Tuesday, May 31, 2011

One More Thing

I forgot to add in my post below and it is something that amuses my wife so I will mention it here.

Despite Penny moulting and going off the lay and Stella settling in I am proud to announce on behalf of my wife that ...

Jennifer Aniston has been laying eggs!

End of May Garden Update

A few things.

The aquaponics is coming along nicely. It has taken a little while for me to get my head around the workings of the system and to make it relatively easy and simple. I think I am there.

We had a storm the night before last. Winds of 110kph were forecast. I'm not sure if we got them here but it was a wild night, though not much rain if any. When we went out in the garden to look over it the nectarine had only a few leaves on it as did the apricot. It was like winter arrived over-night.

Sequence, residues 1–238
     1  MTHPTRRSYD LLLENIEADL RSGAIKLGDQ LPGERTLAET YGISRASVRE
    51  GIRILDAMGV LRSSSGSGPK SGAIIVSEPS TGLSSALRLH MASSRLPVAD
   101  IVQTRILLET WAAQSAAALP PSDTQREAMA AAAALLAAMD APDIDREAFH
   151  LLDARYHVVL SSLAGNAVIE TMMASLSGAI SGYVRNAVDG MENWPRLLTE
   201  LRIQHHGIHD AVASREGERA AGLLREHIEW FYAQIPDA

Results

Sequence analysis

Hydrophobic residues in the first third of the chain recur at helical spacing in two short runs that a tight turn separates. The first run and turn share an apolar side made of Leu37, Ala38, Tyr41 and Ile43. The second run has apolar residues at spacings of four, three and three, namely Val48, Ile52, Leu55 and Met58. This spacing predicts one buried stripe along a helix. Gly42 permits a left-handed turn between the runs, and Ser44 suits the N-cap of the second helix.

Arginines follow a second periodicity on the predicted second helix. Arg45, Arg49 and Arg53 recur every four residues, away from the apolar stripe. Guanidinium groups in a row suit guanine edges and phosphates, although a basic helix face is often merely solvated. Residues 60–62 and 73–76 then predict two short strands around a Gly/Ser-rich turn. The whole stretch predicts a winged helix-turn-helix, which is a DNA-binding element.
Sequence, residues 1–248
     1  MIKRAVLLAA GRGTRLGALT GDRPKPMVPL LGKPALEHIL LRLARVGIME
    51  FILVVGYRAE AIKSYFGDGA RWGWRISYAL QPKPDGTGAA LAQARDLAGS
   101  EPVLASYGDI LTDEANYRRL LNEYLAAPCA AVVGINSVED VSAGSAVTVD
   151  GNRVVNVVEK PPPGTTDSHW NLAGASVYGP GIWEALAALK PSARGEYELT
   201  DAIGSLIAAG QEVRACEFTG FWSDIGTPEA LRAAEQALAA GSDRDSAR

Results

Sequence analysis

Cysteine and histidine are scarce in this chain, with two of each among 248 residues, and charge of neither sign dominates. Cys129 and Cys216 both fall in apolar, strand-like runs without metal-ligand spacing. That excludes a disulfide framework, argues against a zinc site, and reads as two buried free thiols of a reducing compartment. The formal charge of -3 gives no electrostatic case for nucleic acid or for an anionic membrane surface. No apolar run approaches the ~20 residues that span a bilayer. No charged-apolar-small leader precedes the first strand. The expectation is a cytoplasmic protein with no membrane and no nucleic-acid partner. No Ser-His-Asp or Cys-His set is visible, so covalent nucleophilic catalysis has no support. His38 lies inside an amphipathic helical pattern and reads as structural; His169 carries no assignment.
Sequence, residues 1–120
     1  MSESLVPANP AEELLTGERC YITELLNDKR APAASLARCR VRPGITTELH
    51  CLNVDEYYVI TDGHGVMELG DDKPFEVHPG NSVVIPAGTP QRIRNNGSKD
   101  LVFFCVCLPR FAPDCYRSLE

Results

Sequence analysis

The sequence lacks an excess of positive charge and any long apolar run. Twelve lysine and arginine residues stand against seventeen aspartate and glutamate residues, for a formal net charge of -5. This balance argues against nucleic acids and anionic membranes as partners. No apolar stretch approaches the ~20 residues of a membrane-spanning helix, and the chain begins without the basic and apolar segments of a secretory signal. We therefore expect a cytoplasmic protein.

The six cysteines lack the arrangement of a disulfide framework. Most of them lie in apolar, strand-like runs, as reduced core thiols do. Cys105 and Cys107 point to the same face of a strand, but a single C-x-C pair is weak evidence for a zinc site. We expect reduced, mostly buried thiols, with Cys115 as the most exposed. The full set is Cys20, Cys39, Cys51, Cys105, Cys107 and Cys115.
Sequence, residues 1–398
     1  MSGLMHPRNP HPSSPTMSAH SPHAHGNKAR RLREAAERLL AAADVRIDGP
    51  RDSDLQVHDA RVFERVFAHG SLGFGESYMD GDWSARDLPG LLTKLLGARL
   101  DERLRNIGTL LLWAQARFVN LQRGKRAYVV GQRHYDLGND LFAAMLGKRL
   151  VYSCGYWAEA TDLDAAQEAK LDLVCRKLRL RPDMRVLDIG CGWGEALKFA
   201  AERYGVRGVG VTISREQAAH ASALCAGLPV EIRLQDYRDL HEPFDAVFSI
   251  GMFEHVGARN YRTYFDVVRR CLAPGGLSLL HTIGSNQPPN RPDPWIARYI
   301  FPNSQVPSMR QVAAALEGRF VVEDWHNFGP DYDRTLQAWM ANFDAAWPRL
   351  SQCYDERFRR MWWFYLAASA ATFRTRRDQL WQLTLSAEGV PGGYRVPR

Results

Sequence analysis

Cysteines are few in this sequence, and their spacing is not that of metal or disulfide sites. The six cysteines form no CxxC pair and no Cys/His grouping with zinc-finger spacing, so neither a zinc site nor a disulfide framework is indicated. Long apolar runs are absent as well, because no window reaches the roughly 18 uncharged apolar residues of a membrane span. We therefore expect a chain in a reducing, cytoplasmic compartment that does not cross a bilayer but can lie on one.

The little frog that called last autumn started calling around the 17th of the month. It gradually built up its repetitions until one or two nights about a week ago when it called most of the night. Then it stopped abruptly. I only heard one this year. We had two or three last year and I am wondering if they came to the garden through the horse manure I was getting.

Jazz had a nasty run in with my brothers dog Gizmo today. He just wanted to play but poor Jazz went in to a terrible state. I thought she had died she was so still. No breathing or eye movement. I was pretty worried. I put her inside and caught Maiki to keep her company. She settled down but was making a horrible little rasping sound. When my wife came home she said she read something like that in a book. That they can go into a state of shock for hours but eventually get over it. I looked a bit up on the internet and feel better about it. I am hoping she will be a little more normal in the morning. She was eating earlier this evening.